I know there are people paid by large companies to post propaganda online, and certainly Big Oil has enough excess funds to pay for a lot of that. But I have not read that they actually fund such activities.

Actually, there are more paid dis-informers than shorters and trolls together.

You have to look at the themes they repeat on different tones, not only one occasional comment. Sven is very good at it, subtle and friendly. zzzzzzzzz and nocomment not so.. but they all form a team to influence us. They use us to get to know our best arguments, that are later on analysed to find a counter measure by the P.R. Wizards.

Some recurant, ad nauseam repeated false themes we find on general sites:
-Batteries are very expensive(always will be)
-EVs are weak like golf carts
-You have to regularly change the batteries
-Lithium mining is “very” polluting
-Unwise to buy until there are as many recharge stations than gas pumps
-Recycling is impossible
– EVs are of no use until they get 500 miles range
-The technology is not ready, wait in ten years
-EV companies are wasting tax payers money
-GW is not man made
-Tesla is losing money (without mentioning the insane expansion)
-EVs pollute more than ICEs
-add your own here…

As I said, the propaganda is more effective if the population is not aware of it, therefore it is difficult to find publicly disclosed contracts with P.R. companies about the details.
Consider the big cartelized corporations as the high command, the Media would be the bombers, the P.R. firms the planners and the bogus commentators the troops that make sure the objective is secured and give feed back to the officers.

Show me the lithium pollution?
http://tinyurl.com/jealbo8

T’es en feu Rex!

With most lithium brine pumped from shallow wells it is MUCH greener than fracked oil or tar sands. Then it is normally concentrated in shallow solar ponds which again is MUCH greener than oil refining. Then ther is the fact that my lithium battery is still perfectly drivable after 8 years on the road. Try that with your gasoline. Finally lithium and batteries ARE recyclable.

The more you think about it, the more ridiculous is that comment from “no comment” claiming mining lithium “isn’t green”. As Rick Danger said: It’s hard to cram so much ignorance into so short a post.

Lithium is “mined” from lifeless salt flats by drying out brine and collecting the salts. Just what sort of environmental damage to such lifeless areas does “no comment” think this is causing? Oh, how horrible it is that they’re extracting salts from lifeless areas! 🙄

And of course, he’s also wrong to say EV batteries can’t be recycled. The Gigafactory is gearing up to do exactly that, and Honda is making plans to do the same:

http://www.recyclinginternational.com/recycling-news/9802/e-scrap-and-batteries/global/honda-plans-tackle-lithium-ion-battery-problem

It’s really good to see more and more stories about oil companies profits being hit by an oil glut and stories about the price of lithium spiking. We are at the really early stages of this but it is good to see things moving in the right direction. Hopefully oil demand predictions will continue to be proven totally over optimistic and lithium will continue to surprise the market with it’s growth.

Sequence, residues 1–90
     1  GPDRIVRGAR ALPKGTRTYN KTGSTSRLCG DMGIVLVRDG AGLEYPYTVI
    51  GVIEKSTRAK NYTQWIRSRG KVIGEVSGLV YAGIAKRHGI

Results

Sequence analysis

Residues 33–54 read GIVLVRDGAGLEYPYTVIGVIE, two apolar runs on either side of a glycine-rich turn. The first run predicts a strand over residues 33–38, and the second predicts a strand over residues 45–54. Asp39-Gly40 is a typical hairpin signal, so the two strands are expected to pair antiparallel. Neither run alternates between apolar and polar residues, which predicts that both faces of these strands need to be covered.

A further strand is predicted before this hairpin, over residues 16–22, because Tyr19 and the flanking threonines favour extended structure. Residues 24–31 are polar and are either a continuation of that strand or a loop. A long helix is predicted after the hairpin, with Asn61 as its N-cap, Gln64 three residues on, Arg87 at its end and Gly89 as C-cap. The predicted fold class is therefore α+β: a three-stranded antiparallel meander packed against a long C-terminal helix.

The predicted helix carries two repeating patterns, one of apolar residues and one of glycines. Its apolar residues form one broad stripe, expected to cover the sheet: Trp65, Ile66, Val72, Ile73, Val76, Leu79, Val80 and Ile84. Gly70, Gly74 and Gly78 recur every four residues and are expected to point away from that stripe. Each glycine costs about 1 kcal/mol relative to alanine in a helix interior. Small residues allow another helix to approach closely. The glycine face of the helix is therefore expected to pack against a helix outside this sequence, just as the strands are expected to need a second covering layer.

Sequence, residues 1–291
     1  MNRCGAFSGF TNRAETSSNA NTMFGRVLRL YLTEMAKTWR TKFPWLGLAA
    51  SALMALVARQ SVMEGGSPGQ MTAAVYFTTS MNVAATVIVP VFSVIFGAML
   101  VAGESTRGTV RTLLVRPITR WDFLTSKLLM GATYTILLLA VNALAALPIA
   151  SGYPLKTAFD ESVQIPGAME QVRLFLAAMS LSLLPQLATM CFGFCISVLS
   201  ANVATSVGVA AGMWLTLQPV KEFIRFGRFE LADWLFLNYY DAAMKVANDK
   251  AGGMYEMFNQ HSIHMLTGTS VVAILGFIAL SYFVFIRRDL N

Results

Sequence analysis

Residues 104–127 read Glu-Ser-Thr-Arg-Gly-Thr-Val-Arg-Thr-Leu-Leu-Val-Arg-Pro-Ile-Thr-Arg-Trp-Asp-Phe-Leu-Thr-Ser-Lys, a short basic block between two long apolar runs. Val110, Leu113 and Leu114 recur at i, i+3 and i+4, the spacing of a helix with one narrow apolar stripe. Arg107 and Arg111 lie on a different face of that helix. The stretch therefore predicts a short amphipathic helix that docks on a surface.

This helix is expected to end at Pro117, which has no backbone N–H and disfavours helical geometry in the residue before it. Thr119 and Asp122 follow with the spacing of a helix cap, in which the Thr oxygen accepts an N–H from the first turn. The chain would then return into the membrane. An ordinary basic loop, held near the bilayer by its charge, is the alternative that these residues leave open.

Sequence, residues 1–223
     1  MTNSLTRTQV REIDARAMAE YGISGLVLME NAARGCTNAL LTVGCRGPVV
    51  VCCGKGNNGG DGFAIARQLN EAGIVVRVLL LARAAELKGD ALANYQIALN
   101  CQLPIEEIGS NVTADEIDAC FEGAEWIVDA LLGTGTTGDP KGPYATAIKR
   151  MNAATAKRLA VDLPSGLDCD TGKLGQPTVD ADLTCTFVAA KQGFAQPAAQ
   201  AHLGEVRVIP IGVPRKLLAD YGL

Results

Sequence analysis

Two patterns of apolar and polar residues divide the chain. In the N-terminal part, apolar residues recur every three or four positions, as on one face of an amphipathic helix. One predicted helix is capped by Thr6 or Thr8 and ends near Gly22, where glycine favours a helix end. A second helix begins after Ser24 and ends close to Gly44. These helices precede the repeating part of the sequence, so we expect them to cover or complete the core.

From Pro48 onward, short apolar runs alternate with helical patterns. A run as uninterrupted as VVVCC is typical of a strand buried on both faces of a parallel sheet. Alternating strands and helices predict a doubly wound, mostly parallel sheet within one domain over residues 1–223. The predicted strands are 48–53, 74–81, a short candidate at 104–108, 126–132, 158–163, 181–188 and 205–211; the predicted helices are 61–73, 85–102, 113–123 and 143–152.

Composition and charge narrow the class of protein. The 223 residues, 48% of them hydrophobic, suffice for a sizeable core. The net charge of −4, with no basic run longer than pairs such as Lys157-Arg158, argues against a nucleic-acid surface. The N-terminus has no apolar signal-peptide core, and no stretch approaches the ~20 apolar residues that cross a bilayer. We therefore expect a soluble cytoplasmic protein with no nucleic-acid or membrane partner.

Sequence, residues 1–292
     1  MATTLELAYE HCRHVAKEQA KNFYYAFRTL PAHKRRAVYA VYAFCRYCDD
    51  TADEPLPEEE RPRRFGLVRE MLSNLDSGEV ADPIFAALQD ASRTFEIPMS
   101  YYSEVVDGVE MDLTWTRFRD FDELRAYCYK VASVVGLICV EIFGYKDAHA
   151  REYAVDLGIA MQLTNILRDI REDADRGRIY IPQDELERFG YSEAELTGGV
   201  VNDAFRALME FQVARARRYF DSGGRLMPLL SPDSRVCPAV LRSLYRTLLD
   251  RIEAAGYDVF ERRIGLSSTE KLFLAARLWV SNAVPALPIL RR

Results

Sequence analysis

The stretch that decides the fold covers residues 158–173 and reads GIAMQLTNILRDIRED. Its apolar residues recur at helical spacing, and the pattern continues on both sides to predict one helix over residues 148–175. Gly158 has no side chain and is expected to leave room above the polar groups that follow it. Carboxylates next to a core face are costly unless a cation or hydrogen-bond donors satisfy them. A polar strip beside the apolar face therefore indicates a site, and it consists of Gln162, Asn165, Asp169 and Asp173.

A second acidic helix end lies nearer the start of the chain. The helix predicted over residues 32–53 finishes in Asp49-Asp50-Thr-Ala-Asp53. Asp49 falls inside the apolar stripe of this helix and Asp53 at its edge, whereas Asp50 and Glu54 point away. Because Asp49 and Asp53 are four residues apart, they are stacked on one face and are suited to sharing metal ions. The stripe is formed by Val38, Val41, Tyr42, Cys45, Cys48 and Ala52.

Please suggest your oil alternative, as both commodities are eventually supply constrained. There are better renewable fuels, cost however, is still the main driver to wide range adoption.

No comment is affiliated with MB whom Tesla S is rapidly taking market share from MB S class so he has an axe to grind and has just proven he’s another anti-EV loser.

Lithium batteries contain only 2% lithium.
Not a big deal if prices play yoyo.
And in the long term, recycling will secure even more lithium.

There is more to worry about Cobalt and Nickel prices.

when you use the lithium to make a battery, the *battery* is not recyclable. lithium batteries do not have unlimited lifetimes. when used up, used lithium batteries typically end up in landfill.

Tesla *already* recycle their batteries.
As Musk said: “It’s easier to dig in a battery than a mine.
More over, the tools will be adapted for Tesla battery packs.

recycling lithium from batteries is not an easy process.

It will become routine and profitable as soon as batteries will start to return after their long life in cars…
I notice that haters at last shut the f*** up about replacing batteries every 2-3 years… 😉
Now they find the small 2% lithium in batteries hard to recycle… Like tires? The the complex and fragile engines that last only 2-300,000 miles?
What will it be after ? Dirty electrons?

You just said they are not recyclable, now you say they are hard to recycle. Make up your mind troll!

No, deep water drilling is not an easy process!

Recycling your brain is impossible.

When gasoline burns, after 25 miles, it ends up in your lungs.

Li+ batteries, by contrast, are already being recycled – after providing 100,000 miles or more of energy.

Non automotive lithium batteries typically end up in a landfill because they are too costly to recycle not because they are not recyclable. You have dozens of smart phone,lap top, tablet etc type of batteries making sorting and processing expensive.

Automotive batteries economies of scale are much different. You have a lot of the same batteries so you can program a robot to do the same repetitive task again and again.

Tesla and Nissan already have programs to recycle all their batteries. The rest of the OEMs should follow suit shortly.

lithium ion recycling is quite complex with challenges due to unfavorable economics and energy utilization. but if anyone can make it work, an oem has a better chance of doing so than does a third party recycler, who would have to deal with different non-standard battery chemistries from different oem’s.

that said, the future of battery chemistry is still very much up in the air, and i’ve got to think that people are going to be looking for a better solution.